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Frontiers
Study Helps Define Innovators and R&D Performers

December 1996

A pilot study surveying 1,000 U.S. companies found that research and development (R&D) is performed by 84% of innovative companies, that is, companies that reported creating a new or technologically changed product or process between 1990 and 1992.

The survey, run jointly by NSF's Science Resources Studies Division and the U.S. Bureau of the Census, was part of an international effort to understand the process and characteristics of industrial innovation.

"Each of the participating countries selected firms from all the manufacturing industries for the study, but here in the United States we added firms from an important service-sector industry, the U.S. computer software industry," says Science Resources Analyst Larry Rausch.

Rausch, the author of the recent data brief describing the study, pointed out that this was not a typical SRS survey. "This was truly a pilot study and its primary purpose was to test the survey's questions and data collection procedures. But we also tried to design the study so that it might generate some national-level data estimates of innovation activities by U.S. firms."

In the end the survey accomplished both goals. New data describing U.S. industrial innovation was produced and the study identified survey questions that "worked well" and found others that proved difficult for U.S. firms to answer. Rausch noted that "each of the participating countries also encountered some problems in their survey."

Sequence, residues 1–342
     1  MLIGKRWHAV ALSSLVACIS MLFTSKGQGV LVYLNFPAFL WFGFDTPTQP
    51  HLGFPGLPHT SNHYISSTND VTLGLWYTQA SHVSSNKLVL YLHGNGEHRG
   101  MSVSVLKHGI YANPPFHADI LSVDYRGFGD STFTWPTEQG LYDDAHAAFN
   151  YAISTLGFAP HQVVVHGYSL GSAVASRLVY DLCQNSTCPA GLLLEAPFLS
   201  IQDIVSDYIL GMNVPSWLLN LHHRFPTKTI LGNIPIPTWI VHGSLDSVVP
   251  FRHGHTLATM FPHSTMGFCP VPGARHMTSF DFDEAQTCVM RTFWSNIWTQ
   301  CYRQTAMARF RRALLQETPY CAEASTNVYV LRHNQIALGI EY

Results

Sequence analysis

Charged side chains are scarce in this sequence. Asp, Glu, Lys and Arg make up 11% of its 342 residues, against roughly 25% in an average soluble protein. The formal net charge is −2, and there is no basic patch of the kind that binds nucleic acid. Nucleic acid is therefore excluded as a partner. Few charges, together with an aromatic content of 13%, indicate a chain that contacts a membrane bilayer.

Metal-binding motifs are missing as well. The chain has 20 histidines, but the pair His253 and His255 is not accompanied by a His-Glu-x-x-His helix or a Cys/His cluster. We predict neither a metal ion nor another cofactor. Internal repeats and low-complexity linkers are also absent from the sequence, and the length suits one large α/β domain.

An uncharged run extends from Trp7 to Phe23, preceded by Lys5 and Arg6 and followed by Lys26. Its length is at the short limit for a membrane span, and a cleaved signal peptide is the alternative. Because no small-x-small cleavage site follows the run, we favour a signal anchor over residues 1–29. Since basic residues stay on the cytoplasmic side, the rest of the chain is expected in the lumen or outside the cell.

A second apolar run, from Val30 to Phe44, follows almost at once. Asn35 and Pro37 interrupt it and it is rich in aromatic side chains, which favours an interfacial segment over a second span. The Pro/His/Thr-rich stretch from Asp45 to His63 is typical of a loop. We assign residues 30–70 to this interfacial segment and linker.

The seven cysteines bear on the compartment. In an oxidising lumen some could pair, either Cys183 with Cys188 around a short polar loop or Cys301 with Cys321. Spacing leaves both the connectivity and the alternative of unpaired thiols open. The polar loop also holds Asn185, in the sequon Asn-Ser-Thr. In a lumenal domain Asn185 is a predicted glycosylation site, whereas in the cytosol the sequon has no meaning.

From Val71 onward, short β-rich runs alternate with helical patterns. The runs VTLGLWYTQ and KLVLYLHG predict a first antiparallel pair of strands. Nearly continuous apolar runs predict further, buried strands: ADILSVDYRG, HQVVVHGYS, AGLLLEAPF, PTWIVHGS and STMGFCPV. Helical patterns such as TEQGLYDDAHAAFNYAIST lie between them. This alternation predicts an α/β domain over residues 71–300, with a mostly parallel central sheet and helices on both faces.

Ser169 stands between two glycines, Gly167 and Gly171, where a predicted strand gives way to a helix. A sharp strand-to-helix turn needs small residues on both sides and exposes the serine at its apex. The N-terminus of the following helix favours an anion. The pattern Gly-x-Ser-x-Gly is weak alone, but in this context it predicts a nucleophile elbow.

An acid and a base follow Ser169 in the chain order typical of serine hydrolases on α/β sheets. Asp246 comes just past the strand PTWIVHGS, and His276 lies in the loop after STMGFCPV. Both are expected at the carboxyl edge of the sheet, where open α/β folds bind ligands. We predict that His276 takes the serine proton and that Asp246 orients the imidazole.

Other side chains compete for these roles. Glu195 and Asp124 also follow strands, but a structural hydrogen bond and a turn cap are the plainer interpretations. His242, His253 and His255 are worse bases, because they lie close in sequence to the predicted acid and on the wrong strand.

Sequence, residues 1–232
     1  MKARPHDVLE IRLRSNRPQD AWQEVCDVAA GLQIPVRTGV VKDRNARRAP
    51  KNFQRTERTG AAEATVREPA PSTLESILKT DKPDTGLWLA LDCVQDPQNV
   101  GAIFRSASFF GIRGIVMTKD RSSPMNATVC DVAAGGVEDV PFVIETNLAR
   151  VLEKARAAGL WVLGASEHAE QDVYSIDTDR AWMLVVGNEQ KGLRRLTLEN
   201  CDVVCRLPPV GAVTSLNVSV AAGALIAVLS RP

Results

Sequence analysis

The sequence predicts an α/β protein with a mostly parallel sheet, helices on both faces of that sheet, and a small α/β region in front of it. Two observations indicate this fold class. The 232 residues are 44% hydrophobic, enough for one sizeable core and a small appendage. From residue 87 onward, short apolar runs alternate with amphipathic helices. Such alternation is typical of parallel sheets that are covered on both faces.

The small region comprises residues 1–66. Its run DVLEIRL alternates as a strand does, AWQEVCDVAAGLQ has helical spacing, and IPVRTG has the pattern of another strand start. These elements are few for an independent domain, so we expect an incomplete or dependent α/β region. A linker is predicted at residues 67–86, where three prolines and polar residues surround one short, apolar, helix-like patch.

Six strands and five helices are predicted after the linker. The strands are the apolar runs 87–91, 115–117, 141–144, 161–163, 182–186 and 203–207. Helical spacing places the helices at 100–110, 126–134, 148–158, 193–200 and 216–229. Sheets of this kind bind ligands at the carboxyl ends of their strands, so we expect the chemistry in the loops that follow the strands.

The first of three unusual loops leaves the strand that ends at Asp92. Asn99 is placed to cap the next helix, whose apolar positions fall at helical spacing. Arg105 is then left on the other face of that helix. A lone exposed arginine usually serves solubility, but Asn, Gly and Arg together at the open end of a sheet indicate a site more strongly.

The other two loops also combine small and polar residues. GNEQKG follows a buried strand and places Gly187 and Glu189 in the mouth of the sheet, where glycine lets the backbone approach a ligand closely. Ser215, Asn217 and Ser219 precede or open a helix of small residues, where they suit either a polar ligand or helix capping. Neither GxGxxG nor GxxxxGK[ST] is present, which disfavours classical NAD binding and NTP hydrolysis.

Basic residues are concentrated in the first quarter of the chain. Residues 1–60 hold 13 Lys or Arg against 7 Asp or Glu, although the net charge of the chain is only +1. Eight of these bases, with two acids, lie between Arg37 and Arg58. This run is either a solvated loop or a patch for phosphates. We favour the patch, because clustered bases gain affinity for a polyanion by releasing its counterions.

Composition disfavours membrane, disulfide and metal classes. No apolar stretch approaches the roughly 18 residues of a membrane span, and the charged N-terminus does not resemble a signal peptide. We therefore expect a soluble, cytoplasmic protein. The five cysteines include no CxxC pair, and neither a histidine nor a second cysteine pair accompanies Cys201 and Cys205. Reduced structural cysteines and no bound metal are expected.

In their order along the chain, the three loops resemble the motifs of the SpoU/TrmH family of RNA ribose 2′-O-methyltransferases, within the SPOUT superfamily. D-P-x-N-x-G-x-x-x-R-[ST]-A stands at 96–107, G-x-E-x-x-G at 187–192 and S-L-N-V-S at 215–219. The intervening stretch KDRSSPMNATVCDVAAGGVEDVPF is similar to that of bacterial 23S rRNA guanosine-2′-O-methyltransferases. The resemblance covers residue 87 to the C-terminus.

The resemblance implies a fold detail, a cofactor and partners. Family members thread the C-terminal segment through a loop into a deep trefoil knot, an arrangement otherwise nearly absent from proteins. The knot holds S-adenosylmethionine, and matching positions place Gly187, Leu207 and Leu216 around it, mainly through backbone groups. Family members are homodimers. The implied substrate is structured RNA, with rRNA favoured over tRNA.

Highlighting the survey's important findings, the data brief reports that one-third of U.S. manufacturing, software, or telecommunications companies were innovators, either introducing a new product or process during 1990-92 period, or having plans to introduce a new product in 1993-95. "This one-third figure is an estimated national average for the United States," Rausch writes.

The analysts then compared individual industries with this average to discover which industries have the most innovators. The leaders are:

  • Computer hardware companies (84% innovators)
  • Precision instruments and equipment (69%)
  • Pharmaceuticals (69%)
  • Chemicals (68%)

The survey found that innovative companies are more likely to export than are non-innovative firms.

Finally, Rausch and his colleagues used the survey to identify characteristics of an innovative firm, asking, for example, where U.S. innovators get information that leads to the development of new products. The three most popular answers were: internal sources, clients and customers, and suppliers.

For a copy of this data brief, call SRS at (703) 292-8774, or send an e-mail to srsweb@nsf.gov.


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